Your Rights and Court Procedure


Your appearance in the Moscow Mills Municipal Court is perhaps your first experience in any court. This information has been prepared to help you understand the court proceedings and to inform you of your rights and duties. Every person should leave this court feeling that he or she has had a fair and impartial hearing or trial.


You have the right to be represented by an attorney. You may employ one to represent you before pleading to any charge, to defend you against charges and to protect your rights in any court procedure before or after the trial.

At the first setting of your case, you have the right to obtain a continuance in order to obtain a lawyer or to prepare your defense. If you desire a continuance, you should request it after your case is called and before entering your plea.

If you are indigent and unable to hire an attorney, the court will appoint an attorney for you if you can show that you can not afford one in a case where a conviction would possibly lead to jail time. However, you may waive such right if you choose. You must appear on your scheduled court date to present your request to the Judge. The Judge will advise if your case and circumstances fit the criteria for appointment of an attorney.


When you are given a citation, you are also given a date and time to appear in court. An arraignment is your first appearance in court. When your name is called, step forward and wait to be summoned before the Judge. The violations that you are alleged to have committed will be read and at that time you should be prepared to plead either:

  1. Guilty,
  2. Guilty with an explanation, or
  3. Not guilty.

If you signed a citation in front of an officer, you did not plead guilty, but only signed a promise to appear in court. If you do not come to court when summoned to do so, you are subject to a warrant being issued for your arrest.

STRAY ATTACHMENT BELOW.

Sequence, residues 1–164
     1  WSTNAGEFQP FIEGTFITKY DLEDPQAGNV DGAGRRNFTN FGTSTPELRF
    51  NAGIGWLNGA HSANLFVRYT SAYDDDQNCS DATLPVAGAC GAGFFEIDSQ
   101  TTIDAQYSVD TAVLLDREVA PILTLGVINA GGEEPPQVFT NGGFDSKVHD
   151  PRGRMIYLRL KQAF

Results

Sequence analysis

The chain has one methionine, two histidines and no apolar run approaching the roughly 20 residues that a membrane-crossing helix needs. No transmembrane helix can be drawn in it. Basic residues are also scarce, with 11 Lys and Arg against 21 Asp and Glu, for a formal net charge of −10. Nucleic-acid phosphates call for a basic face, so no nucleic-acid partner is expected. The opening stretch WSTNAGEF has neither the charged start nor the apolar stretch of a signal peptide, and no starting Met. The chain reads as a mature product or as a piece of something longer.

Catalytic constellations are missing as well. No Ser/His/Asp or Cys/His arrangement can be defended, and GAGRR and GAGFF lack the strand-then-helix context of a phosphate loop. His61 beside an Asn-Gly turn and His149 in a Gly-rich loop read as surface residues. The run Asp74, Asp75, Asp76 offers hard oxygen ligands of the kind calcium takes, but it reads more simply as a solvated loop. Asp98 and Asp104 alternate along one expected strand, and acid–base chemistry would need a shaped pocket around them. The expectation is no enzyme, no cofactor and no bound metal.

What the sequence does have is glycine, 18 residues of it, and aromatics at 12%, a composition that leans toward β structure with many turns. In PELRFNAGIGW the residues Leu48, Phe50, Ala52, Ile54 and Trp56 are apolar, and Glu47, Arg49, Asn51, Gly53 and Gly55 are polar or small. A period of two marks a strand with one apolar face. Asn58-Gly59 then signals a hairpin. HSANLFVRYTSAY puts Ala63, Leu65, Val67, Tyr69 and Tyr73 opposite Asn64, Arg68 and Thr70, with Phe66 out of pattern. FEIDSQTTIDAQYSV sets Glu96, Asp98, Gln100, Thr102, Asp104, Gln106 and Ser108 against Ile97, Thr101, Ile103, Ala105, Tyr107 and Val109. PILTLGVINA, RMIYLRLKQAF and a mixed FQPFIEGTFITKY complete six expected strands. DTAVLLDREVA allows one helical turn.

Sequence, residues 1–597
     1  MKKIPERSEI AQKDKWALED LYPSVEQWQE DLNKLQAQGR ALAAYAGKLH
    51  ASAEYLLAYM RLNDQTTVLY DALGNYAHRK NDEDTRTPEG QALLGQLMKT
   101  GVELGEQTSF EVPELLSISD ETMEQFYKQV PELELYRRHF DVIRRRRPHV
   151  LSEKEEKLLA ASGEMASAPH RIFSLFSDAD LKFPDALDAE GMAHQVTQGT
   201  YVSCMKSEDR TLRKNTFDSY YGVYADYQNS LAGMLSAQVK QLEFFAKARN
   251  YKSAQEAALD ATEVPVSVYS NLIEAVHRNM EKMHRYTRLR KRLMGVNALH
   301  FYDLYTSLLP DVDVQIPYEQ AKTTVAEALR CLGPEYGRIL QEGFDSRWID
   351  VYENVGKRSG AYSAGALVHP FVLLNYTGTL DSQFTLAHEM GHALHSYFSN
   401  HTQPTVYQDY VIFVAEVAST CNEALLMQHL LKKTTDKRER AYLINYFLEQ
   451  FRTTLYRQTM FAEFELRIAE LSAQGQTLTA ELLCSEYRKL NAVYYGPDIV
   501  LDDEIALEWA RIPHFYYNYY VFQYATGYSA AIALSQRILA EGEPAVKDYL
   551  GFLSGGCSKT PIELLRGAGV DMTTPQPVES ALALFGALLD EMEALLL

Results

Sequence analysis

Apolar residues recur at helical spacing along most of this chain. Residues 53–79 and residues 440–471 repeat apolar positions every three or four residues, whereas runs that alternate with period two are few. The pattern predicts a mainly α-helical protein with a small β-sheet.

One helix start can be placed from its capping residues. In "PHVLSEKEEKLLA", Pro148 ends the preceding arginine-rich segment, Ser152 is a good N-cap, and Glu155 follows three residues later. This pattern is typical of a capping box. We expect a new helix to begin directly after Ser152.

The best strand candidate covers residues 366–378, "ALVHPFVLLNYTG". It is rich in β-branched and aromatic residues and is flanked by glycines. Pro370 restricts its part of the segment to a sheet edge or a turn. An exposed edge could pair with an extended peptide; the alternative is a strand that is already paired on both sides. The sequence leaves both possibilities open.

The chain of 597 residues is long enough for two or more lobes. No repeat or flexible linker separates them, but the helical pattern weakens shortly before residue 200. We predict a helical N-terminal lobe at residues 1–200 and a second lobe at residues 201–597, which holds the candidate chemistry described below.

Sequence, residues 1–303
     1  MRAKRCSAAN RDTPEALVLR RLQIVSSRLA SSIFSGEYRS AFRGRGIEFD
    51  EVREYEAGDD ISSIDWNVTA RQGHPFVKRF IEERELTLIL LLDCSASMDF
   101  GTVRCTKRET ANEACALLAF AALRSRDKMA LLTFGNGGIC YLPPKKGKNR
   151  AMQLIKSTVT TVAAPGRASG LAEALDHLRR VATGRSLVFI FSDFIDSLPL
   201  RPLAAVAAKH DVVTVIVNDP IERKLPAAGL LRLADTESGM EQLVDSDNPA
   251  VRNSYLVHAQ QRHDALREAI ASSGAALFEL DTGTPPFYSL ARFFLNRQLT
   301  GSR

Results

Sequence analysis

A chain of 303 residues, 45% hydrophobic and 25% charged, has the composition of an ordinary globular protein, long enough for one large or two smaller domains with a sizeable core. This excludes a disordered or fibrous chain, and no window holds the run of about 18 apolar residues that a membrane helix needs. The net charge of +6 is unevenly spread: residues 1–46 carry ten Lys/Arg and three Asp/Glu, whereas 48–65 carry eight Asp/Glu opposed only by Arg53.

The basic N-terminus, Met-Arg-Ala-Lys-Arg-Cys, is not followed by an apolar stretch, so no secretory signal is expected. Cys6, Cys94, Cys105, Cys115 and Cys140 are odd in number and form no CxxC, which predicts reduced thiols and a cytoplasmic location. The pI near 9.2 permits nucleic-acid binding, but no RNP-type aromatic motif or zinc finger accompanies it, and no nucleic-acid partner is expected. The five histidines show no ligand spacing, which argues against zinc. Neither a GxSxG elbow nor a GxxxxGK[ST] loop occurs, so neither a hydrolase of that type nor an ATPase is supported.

Your decision on what plea to enter is the most important decision you will have to make. We suggest that you read the following explanations before entering your plea. If you decide that you would like to seek the services of an attorney, please inform the Judge and you will be given time to do so.


By a plea of guilty, you admit that you committed the act charged, that the act is prohibited by law, and that you have no defense for your act.

Before entering a plea of guilty, you need to understand the following:

The City has the burden of proving its case against you. You have the right to hear the City’s evidence and to require the City to prove its case. The law does not require you to prove anything.

You will be sentenced that evening.

The court may allow you time to pay your fine. If you are given an extension to pay the fine, you will receive a sheet explaining payment. Read the sheet carefully. You are responsible to meet any and all deadlines, payment amounts and other sentencing guidelines. The court is not responsible for your failure to do so.

Make sure you appear on the court date noted on the sheet if you have not paid your court fine and/or costs as instructed. Failure to appear in court on the date required will result in a warrant being issued for your arrest


This plea has the same effect as a plea of guilty, but this gives the Judge the opportunity to consider any unusual circumstances which you believe may be in your favor before you are sentenced.

In both cases of a plea of guilty, a fine will be assessed. The mitigating circumstances explained to the Judge may or may not have an effect on the amount of the fines assessed.


A plea of not guilty means that you deny guilt and that the City must prove its charges against you. Your case will be set for trial and you will be given a date to appear.